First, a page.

Why follow halakha (Jewish law)? What is the rationale behind accepting the Torah’s mitzvot?
Many in Orthodoxy believe that God, more or less literally, revealed His will to mankind in sentences clear and literal, and that the record of God’s revelation, from the time of Moses to today, is nearly infallible. As such any reasonable person should understand the immense need to follow God’s word as closely as possible.
For a wide variety of theological and historical reasons, most people – including many religious Jews – reject the idea that God unambiguously speaks like a person, and also reject the claim that God’s words were infallibly transmitted for thousands of years. Most post-Talmudic forms of Jewish theology, in fact, including philosophical rationalism and Kabbalah (mysticism), hold that God is totally unlike man, that God is not anthropomorphic, and so a simple/literal view of revelation is not tenable – as well as theologically unnecessary. And outside of strict Orthodoxy, we recognize that the text of the Torah is maculate – it shows the signs of human editing over time.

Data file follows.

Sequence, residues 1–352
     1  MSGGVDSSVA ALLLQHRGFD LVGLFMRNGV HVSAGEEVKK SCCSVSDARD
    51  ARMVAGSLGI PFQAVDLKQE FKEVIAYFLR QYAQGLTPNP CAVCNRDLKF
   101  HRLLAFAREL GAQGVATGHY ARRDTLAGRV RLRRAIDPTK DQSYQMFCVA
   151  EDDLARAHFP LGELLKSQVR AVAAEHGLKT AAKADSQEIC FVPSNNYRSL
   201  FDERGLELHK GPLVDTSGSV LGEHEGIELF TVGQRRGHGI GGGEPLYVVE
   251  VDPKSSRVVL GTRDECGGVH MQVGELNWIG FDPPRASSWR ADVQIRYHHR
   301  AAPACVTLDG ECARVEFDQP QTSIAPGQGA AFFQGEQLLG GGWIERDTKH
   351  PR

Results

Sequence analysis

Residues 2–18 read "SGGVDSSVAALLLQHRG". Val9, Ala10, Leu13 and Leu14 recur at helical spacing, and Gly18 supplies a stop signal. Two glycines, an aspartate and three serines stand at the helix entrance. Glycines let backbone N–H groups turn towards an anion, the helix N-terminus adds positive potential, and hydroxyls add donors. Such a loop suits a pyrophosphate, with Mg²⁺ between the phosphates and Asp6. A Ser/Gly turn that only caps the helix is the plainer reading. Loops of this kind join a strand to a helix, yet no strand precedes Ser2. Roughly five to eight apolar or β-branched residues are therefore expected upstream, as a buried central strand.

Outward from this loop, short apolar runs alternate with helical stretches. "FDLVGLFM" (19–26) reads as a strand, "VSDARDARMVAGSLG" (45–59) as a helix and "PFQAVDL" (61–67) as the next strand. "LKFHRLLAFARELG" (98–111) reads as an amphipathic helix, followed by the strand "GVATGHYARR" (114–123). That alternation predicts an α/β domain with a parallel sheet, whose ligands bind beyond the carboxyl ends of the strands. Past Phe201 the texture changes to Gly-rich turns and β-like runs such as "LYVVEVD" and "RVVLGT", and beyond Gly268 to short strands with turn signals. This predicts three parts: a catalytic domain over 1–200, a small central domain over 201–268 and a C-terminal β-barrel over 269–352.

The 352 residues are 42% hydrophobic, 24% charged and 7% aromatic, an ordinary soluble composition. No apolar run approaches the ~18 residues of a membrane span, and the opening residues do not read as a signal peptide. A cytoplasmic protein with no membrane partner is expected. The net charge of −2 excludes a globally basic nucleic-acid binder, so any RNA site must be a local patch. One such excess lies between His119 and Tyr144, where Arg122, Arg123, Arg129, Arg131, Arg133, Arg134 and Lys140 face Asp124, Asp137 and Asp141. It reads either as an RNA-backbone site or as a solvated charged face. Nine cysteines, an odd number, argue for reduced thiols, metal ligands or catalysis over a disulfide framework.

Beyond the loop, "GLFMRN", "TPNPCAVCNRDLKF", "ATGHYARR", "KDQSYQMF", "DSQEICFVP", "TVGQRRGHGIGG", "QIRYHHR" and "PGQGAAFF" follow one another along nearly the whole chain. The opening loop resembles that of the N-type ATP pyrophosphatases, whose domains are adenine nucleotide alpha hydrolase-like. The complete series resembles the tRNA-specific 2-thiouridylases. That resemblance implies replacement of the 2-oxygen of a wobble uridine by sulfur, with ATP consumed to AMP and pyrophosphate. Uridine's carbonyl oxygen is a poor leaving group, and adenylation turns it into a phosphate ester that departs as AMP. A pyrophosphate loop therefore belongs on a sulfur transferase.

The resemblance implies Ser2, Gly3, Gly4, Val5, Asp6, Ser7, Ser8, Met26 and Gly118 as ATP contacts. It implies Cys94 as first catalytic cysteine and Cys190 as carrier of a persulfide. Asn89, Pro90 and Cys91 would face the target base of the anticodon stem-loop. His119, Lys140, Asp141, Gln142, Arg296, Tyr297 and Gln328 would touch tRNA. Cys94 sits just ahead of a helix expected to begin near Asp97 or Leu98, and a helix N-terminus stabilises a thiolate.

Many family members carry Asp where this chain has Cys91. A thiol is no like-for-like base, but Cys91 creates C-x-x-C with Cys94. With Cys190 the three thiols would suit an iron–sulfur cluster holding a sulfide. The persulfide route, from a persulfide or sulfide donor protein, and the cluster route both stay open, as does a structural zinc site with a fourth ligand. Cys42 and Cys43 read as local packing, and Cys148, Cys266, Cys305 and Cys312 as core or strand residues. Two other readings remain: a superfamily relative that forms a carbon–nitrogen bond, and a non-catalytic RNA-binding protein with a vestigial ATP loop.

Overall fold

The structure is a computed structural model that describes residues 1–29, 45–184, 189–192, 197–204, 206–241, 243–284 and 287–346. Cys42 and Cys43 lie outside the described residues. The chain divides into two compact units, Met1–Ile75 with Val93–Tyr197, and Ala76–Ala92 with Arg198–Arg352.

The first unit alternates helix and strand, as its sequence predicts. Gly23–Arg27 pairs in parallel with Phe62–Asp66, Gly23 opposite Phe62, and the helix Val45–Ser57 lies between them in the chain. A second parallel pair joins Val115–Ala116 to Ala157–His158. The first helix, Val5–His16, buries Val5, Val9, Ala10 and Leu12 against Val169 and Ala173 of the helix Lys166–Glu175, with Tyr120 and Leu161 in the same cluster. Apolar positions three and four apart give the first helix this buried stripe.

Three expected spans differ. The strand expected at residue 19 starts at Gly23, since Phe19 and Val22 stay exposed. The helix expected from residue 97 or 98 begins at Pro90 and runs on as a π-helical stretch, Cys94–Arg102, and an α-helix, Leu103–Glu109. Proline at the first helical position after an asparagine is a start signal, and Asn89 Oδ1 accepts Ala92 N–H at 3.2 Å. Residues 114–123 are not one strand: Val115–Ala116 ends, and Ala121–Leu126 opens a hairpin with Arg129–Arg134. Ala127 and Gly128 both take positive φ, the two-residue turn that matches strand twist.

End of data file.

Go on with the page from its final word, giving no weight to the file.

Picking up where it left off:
As such, especially if one is coming from a strictly Orthodox or literalist background, it is reasonable to ask: why should we Jews still accept the Torah, and view halakhah – our way of life – as normative?
The following answers are from Rabbi David Golinkin, “Halakhah for Our Time: A Conservative Approach to Jewish Law”, United Synagogue of Conservative Judaism.
A. Theocentric reasons
1. We must observe the laws commandments because they are Divine in origin; they were given to us in the Torah at Mount Sinai by God Himself. And what about all the laws that were added by the rabbis throughout the ages? According to this approach, they too were given at Mount Sinai, as we read in the Palestinian Talmud “Even what a clever pupil will expound before his teacher has already been given to Moses at Sinai.”
2. Halakhah is the way that the Jewish people throughout the generations understood God’s revelations at Mount Sinai and observed it. A Jew who observes mitzvot fulfill’s God’s will as Klal Yisrael – the collective people of Israel – understood God’s will for 3,000 years.